Recently (5/6/13) a spokesperson for the Nuclear Regulatory Commission announced that 79 gallons of “very slightly radioactive water” leaked from a holding tank at the Palisades Nuclear Power Plant and found its way into a storage basin that flowed into Lake Michigan.
Officials quickly stated that the accidental discharge of the radioactive material (trace amounts of tritium, cesium and cobalt) into Lake Michigan posed no risk to human health since the water did not contain a whole lot of radioactivity to begin with and got massively diluted before entering the lake.
Although workers did successfully stop the leak and prevent any further contamination of the lake by radioactive water from the plant, the Nuclear Regulatory Commission did shut the plant down once they discovered the leak.
You can read more about this story here.
Water Testing Blog’s take on all this…
After a little research we learned that this power plant had several other mandatory shutdowns prior to this one and that caused us to think the following thoughts:
- Why has this facility had so many problems?
- The NRC had its eye on this plant for past violations/concerns so it caught wind of the leak and addressed the matter relatively quickly. How many leaks of “slightly radioactive water” from power plants not on the NRC’s immediate watch list go undetected for long periods of time before anyone catches on?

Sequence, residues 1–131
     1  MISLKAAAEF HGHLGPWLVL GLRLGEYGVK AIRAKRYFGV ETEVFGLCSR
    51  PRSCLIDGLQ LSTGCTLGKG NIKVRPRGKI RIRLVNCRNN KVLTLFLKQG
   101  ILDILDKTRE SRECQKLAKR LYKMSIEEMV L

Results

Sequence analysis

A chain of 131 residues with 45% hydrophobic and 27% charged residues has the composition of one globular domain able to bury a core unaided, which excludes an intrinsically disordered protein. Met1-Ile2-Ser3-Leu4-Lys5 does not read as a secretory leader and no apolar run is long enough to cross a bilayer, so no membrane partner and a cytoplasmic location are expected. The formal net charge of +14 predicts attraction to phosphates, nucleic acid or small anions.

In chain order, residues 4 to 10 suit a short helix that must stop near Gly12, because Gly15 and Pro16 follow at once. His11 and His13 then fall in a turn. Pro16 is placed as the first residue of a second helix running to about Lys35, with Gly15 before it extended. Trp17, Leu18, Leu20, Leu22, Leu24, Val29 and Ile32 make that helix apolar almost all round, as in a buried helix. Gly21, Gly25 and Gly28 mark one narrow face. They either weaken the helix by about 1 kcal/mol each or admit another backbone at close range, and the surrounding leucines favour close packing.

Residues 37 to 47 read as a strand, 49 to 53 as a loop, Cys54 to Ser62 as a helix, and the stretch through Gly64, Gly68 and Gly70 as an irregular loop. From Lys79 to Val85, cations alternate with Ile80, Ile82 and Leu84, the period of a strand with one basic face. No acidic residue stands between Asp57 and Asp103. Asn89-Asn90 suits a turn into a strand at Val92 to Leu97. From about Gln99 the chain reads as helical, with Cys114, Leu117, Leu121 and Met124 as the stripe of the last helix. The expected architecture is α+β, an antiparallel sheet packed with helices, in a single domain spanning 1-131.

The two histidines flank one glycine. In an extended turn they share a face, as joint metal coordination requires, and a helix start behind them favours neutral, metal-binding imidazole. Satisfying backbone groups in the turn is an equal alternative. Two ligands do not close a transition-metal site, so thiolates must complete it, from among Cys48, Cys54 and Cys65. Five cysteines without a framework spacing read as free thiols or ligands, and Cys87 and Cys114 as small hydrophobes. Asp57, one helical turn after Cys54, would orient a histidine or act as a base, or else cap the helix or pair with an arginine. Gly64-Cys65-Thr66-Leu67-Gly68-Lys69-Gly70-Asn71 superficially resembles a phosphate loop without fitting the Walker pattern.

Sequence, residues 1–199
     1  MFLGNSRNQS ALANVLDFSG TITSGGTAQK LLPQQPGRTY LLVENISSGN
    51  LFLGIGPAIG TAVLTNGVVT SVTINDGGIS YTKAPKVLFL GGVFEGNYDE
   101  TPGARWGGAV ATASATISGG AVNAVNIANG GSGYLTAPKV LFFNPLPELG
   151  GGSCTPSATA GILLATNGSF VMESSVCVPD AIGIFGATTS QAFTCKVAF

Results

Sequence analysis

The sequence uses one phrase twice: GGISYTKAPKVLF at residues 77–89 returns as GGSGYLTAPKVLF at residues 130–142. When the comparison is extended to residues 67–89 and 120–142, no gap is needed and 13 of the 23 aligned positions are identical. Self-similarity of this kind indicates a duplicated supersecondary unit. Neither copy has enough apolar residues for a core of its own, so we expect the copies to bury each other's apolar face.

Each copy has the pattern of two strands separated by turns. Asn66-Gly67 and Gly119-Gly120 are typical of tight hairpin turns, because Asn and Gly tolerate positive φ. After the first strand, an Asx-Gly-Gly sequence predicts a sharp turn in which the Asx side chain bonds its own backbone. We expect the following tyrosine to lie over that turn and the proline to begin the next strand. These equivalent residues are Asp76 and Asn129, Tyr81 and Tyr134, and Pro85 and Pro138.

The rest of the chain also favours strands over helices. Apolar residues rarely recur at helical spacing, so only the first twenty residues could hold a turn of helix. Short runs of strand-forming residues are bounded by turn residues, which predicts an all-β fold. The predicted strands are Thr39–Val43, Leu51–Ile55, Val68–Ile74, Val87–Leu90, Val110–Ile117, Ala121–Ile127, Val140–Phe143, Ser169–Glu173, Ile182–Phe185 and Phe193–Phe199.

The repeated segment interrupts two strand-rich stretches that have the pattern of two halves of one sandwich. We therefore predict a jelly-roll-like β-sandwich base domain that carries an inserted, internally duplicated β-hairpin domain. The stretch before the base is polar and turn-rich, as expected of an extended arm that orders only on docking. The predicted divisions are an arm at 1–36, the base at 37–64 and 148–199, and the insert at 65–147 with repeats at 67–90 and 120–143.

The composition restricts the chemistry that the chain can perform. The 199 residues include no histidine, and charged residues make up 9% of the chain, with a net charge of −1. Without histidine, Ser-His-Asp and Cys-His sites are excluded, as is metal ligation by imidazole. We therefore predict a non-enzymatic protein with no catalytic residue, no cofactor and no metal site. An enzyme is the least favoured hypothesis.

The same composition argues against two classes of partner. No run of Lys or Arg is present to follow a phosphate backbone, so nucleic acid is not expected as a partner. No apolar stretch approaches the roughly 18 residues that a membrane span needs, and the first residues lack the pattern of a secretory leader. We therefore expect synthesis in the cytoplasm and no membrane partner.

- Despite the reported small quantities of cobalt, cesium and tritium, diluting contaminants does not change the fact that contaminants have entered the environment.
- Here in the United States we (supposedly) have inspectors actively checking up on nuclear power plants to make sure they follow the rules and have equipment that functions properly… but what about overseas? What sort of inspection schedules and government oversight exist in other countries with smaller budgets?
Needless to say we scared ourselves to the point of getting chills down our spine.
Testing for radiation
In movies you will see people walking around with complicated looking devices that also appear to cost a small fortune… but in real life the average person can pick up a reliable, easy-to-use radiation detector for under $300.
Both meters work equally well as front line radiation monitoring tools and both come with a 1 year warranty on the detector tube and a 5 year warranty on the electronics. Warranty serviced directly by the manufacturer, not some off-the-wall random electronics shop.